Lu Y, Brommer B, Tian X, Krishnan A, Meer M, Wang C, Vera DL, Zeng Q, Yu D, Bonkowski MS, Yang JH, Zhou S, Hoffmann EM, Karg MM, Schultz MB, Kane AE, Davidsohn N, Korobkina E, Chwalek K, Rajman LA, Church GM, Hochedlinger K, Gladyshev VN, Horvath S, Levine ME, Gregory-Ksander MS, Ksander BR, He Z, Sinclair DA. (2020) Reprogramming to recover youthful epigenetic information and restore vision. Nature. 588(7836)

AbstractAgeing is a degenerative process that leads to tissue dysfunction and death. A proposed cause of ageing is the accumulation of epigenetic noise that disrupts gene expression patterns, leading to decreases in tissue function and regenerative capacity1-3. Changes to DNA methylation patterns over time form the basis of ageing clocks4, but whether older individuals retain the information needed to restore these patterns-and, if so, whether this could improve tissue function-is not known. Over time, the central nervous system (CNS) loses function and regenerative capacity5-7. Using the eye as a model CNS tissue, here we show that ectopic expression of Oct4 (also known as Pou5f1), Sox2 and Klf4 genes (OSK) in mouse retinal ganglion cells restores youthful DNA methylation patterns and transcriptomes, promotes axon regeneration after injury, and reverses vision loss in a mouse model of glaucoma and in aged mice. The beneficial effects of OSK-induced reprogramming in axon regeneration and vision require the DNA demethylases TET1 and TET2. These data indicate that mammalian tissues retain a record of youthful epigenetic information-encoded in part by DNA methylation-that can be accessed to improve tissue function and promote regeneration in vivo. More Information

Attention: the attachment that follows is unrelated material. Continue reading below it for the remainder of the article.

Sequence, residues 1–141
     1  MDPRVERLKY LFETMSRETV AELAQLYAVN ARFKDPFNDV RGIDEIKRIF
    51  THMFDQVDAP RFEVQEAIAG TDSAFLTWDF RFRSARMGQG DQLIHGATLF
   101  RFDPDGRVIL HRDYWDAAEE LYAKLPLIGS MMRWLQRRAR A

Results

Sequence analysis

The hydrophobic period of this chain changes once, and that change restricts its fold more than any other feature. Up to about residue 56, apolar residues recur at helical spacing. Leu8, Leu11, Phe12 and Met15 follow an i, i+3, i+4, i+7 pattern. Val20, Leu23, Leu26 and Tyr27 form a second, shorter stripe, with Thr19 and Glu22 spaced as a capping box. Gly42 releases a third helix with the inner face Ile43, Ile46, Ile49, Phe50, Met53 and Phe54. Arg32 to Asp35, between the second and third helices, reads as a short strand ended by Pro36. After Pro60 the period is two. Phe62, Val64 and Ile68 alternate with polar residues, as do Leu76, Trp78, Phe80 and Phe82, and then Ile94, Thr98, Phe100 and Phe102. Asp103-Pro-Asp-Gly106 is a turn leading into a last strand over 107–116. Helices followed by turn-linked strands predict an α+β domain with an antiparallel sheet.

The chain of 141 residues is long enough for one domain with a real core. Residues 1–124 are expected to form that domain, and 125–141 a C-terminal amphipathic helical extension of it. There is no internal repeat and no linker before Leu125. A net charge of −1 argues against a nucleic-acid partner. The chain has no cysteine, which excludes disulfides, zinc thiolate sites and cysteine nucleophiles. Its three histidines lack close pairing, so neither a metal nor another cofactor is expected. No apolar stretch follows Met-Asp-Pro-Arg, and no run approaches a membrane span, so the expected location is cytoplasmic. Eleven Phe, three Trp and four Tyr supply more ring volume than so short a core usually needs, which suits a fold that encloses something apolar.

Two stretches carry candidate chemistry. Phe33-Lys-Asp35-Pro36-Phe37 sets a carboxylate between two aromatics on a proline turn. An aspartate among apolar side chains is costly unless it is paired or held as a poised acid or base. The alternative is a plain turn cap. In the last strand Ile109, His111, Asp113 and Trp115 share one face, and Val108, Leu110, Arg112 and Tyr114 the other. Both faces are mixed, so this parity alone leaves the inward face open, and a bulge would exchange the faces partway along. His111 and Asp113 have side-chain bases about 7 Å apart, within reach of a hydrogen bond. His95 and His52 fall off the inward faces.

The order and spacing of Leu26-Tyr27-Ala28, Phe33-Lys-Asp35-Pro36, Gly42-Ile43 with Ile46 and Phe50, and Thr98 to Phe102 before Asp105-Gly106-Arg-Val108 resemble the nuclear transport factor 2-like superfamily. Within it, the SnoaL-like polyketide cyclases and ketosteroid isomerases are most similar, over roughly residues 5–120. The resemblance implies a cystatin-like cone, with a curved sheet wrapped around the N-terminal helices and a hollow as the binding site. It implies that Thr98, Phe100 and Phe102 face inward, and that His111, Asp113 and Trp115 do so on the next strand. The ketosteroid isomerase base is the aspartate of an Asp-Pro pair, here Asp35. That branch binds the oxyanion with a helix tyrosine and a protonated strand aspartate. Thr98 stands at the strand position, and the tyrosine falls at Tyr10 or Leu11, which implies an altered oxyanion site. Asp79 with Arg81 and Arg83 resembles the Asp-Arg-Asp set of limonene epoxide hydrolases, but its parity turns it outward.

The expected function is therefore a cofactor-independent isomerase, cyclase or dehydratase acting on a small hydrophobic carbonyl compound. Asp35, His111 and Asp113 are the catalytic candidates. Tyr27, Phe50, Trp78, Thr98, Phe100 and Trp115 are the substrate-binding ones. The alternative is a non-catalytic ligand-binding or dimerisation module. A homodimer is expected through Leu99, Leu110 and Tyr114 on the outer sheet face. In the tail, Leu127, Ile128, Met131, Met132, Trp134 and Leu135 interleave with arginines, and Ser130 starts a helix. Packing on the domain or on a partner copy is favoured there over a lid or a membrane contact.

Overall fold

Gerashchenko MV, Peterfi Z, Yim SH, Gladyshev VN. (2020) Translation elongation rate varies among organs and decreases with age. Nucleic Acids Res.